Chart Beat: Christopher Cross, Paul McCartney, Taylor Swift

DOUBLE CROSS: Christopher Cross returns to Hot R&B/Hip-Hop Songs with his second title to appear on this chart. Yes, that's pop star Christopher Cross, not hip-hop duo Kris Kross of "Jump" fame, who last appeared on this tally 11-and-a-half years ago with "Live and Die for Hip Hop."

Cross is listed on this week's chart as the songwriter of "Sailing," his 1980 composition that spent one week in pole position on the Hot 100. The song has been covered by Avant, whose Capitol single re-enters at No. 76.

Cross first appeared on the R&B list in 1999, when "Best Friend," credited to Puff Daddy featuring Mario Winans & Hezekiah Walker & the Love Fellowship Crusade Choir, debuted. That track, which ultimately peaked at No. 54 in February 2000, sampled Cross' "Sailing."

SURGE FOR 'ELECTRIC': Paul McCartney was in New York last week, so it was a good opportunity for him to do some promotion for his new album with producer Youth, "Electric Arguments" (ATO), released under the moniker the Fireman.

On Jan. 14, McCartney appeared live on Howard Stern's Sirius XM radio show, then sat down for a 30-minute interview with the author of Chart Beat, then raced off to appear on "The View." Most likely it was the first and third interviews that helped send the album back up The Billboard 200, from 166-91. This is the album's second-highest ranking in its eight-week chart life; the set debuted at No. 67 the week of Dec. 13, 2008.

The rebound comes 45 years to the week after McCartney had his first No. 1 on a Billboard chart. On the Hot 100 dated Feb. 1, 1964, the Beatles' "I Want to Hold Your Hand" advanced 3-1 in its third week on the survey.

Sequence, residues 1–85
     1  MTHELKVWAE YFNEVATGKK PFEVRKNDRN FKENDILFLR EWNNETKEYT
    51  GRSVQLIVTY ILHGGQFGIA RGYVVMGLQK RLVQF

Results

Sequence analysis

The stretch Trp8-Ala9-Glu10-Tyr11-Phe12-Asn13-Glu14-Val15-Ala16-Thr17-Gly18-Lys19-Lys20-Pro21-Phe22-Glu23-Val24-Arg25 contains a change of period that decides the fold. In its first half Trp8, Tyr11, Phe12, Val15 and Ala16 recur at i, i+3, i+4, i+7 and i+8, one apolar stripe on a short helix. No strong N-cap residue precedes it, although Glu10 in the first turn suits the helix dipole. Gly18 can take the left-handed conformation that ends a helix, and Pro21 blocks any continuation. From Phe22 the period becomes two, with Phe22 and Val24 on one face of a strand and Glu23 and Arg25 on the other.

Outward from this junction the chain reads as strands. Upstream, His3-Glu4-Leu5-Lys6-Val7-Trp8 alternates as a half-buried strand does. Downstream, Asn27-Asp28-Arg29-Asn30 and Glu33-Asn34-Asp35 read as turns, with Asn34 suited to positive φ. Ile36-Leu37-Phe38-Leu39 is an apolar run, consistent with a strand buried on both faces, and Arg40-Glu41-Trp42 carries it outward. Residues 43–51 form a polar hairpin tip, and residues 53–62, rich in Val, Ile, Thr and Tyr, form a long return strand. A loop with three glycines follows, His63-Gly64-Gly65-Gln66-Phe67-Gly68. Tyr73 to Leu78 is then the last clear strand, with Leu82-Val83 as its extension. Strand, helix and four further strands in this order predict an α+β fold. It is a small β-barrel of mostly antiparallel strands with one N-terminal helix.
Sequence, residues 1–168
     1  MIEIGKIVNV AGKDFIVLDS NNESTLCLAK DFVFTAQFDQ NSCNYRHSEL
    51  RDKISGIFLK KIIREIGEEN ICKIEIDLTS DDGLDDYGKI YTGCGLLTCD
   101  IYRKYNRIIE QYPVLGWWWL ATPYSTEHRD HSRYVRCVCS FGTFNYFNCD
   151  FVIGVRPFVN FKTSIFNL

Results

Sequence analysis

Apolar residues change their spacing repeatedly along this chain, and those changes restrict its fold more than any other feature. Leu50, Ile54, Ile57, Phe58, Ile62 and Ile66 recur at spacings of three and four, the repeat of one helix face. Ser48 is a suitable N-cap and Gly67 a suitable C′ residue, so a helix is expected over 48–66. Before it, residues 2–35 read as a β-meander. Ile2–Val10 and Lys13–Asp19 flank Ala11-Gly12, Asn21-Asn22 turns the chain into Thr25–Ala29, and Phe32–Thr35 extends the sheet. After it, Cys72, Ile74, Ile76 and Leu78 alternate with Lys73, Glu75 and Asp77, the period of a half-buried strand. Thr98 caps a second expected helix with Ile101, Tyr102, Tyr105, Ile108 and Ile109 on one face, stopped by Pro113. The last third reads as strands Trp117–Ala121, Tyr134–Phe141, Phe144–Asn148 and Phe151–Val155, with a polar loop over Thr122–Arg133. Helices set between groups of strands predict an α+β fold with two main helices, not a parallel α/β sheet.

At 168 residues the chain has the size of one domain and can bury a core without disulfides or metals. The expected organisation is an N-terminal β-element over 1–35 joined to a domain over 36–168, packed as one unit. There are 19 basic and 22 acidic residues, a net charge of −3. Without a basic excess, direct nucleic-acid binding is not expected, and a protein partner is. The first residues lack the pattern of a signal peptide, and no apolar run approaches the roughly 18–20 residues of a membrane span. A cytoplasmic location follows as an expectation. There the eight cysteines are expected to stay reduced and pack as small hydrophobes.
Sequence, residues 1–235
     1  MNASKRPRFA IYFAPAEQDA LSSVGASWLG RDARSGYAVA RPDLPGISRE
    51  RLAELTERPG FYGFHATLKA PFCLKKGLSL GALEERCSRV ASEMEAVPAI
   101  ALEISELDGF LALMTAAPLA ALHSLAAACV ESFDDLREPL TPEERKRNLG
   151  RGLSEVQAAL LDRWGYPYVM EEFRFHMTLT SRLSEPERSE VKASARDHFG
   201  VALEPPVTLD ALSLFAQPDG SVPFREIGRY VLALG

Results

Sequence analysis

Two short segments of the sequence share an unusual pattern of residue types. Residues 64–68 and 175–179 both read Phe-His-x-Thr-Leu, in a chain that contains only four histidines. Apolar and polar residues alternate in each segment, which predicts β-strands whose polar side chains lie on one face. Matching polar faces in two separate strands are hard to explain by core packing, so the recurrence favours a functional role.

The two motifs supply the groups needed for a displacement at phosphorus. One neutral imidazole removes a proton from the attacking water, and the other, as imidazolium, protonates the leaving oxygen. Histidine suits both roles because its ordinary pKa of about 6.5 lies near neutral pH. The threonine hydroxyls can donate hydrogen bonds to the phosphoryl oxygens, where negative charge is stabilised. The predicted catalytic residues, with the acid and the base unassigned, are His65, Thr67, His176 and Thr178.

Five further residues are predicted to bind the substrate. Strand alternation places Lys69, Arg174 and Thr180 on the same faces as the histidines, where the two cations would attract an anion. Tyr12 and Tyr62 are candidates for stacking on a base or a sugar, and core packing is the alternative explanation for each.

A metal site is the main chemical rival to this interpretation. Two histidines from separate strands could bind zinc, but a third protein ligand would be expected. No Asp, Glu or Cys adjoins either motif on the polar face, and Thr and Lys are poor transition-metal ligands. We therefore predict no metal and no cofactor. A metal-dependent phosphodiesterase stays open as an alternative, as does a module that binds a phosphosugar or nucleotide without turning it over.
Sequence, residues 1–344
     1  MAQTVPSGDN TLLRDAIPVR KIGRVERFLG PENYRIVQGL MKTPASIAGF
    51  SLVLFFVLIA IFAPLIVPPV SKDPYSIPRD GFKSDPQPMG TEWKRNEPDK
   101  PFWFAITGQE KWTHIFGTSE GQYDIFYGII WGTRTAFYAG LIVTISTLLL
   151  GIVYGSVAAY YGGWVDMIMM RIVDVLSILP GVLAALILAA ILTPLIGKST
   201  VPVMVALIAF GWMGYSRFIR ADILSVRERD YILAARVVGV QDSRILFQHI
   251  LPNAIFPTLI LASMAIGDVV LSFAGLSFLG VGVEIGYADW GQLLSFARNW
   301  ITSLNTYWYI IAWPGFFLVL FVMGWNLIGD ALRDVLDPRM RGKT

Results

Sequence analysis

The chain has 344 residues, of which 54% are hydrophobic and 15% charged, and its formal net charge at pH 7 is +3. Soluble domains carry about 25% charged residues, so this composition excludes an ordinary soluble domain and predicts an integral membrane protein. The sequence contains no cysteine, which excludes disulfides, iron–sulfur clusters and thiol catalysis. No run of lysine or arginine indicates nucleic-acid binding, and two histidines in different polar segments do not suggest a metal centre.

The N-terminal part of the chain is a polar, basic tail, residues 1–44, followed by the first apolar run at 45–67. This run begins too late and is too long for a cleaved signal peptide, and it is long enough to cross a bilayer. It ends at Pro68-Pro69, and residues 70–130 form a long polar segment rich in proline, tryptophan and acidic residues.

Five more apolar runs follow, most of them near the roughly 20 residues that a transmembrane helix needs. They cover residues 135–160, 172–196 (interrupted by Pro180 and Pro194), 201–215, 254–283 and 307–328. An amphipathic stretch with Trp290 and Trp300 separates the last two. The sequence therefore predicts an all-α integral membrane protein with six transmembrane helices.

One can't help but wonder if the 1964 McCartney ever imagined that the 2009 McCartney would still be doing his job, recording albums, doing interviews to promote them and charging up the Billboard charts.

Taylor Swift continues to make chart news, as her "Fearless" album still occupies the penthouse of The Billboard 200. It's the seventh week of Swift's reign, giving her the longest run at No. 1 for a solo female artist since Alanis Morissette ruled for 12 weeks in 1995 with "Jagged Little Pill."

Swift is likely to hang on to first place for an eighth week but, even if she slips next week, "Fearless" goes down in history as one of the longest-running No. 1 albums by a solo female artist.

Eleven albums by solo women have held sway for seven weeks or more:

15 weeks: "Tapestry," Carole King (1971)
14 weeks: "Whitney Houston," Whitney Houston (1986)
13 weeks: "Judy at Carnegie Hall," Judy Garland (1961)
12 weeks: "Jagged Little Pill," Alanis Morissette (1995)
11 weeks: "Whitney," Whitney Houston (1987)
11 weeks: "Mariah Carey," Mariah Carey (1991) 10 weeks: "The Singing Nun," The Singing Nun (1963) 10 weeks: "Forever Your Girl," Paula Abdul (1989)
9 weeks: "Pearl," Janis Joplin (1971)
8 weeks: "Music Box," Mariah Carey (1993)
7 weeks: "Fearless," Taylor Swift (2008)